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Here's why Saudi Arabia is caught in ‘perfect storm’

The Middle East's largest economy faces dwindling economic growth and a sharp drop in government revenues, hit by a toxic mix of tumbling oil prices, regional conflicts and the strength of the U.S. dollar, regional experts warned.

On Wednesday, the International Monetary Fund (IMF) warned that the large decline in oil prices and sharp drop in energy revenues would see the economy slow both this year and next in Saudi Arabia.

Vehicle light trails pass the Kingdom Tower on King Fahad Road in Riyadh, Saudi Arabia.
Kevin Winter | Getty Images
Vehicle light trails pass the Kingdom Tower on King Fahad Road in Riyadh, Saudi Arabia.

It forecast that real gross domestic product (GDP) would grow by 2.8 percent in 2015 and 2.4 percent in 2016, down from 3.5 percent last year. Oil revenue was seen contributing 24.2 percent to GDP this year, down from 32.6 percent in 2014.

"Risks to the growth outlook are tilted to the downside," the IMF said in Wednesday's report, which followed a visit by its economists to Riyadh in May.

"The main downside risks are the possibility of lower oil prices due either to weaker global demand or increased supply, the possibility that domestic reforms do not generate a growth dividend and create a more diversified and self-sustaining private sector that creates jobs and reduces inequality and an escalation of regional tensions that undermines confidence and investment," it continued.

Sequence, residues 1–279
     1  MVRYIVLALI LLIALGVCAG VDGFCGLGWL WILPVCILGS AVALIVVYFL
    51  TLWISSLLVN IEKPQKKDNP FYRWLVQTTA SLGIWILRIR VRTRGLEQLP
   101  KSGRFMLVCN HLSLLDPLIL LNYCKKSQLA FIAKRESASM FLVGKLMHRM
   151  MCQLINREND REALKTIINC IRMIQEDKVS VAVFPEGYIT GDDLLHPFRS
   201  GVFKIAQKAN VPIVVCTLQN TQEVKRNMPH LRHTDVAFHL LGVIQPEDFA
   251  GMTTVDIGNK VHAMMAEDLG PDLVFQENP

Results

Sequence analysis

There's a "perfect storm of global and local concerns" surrounding the country, Hasnain Malik, head of frontier markets strategy at Exotix Partners, said in a research note this month.

"We expect most of these local concerns to correctly persist as long as oil prices remain low, given the dependence of most of the Saudi economy, directly and indirectly, on oil revenues," he later added.

Saudi Arabia is the dominant member of the Organization of the Petroleum Exporting Countries (OPEC) and oil and gas accounts for around half of its GDP and 85 percent of its export earnings.

This has made it highly vulnerable to the slump in the price of oil over the last 12 months, which has seen prices decline by around 50 percent to below $50 per barrel.

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The Saudi economy is also burden by a fiscal deficit that the IMF sees reaching 19.5 percent of GDP this year, driven by declining oil revenues and a forecast 5 percent upturn in government spending—although the cost of military operations in Yemen is uncertain.

With that in mind, EFG Hermes has an "underperform" rating on Saudi Arabia, which it says will remain a drag on the region as it grapples with low oil prices.

"I think some of the MENA countries (Middle East and North Africa) that are going to do better with low prices are the ones whose current account deficit has generally been generated by the oil or the energy subsidies," Wael Ziada, head of research at EFG Hermes, told CNBC on Wednesday.

Malik said that the only lasting solutions for Saudi's vulnerability to low oil prices was for the government to accelerate reforms, including spending cuts, private sector generation and liberalizing labor and housing markets.

"The question is whether the recent collision of concerns acts as a stimulus to accelerate these reforms or drives a reactionary turn, falling back on the old, but increasingly unsustainable, response to uncertainty: Fiscal stimulus," he said.

—By CNBC's Katy Barnato. Follow her on Twitter @KatyBarnato.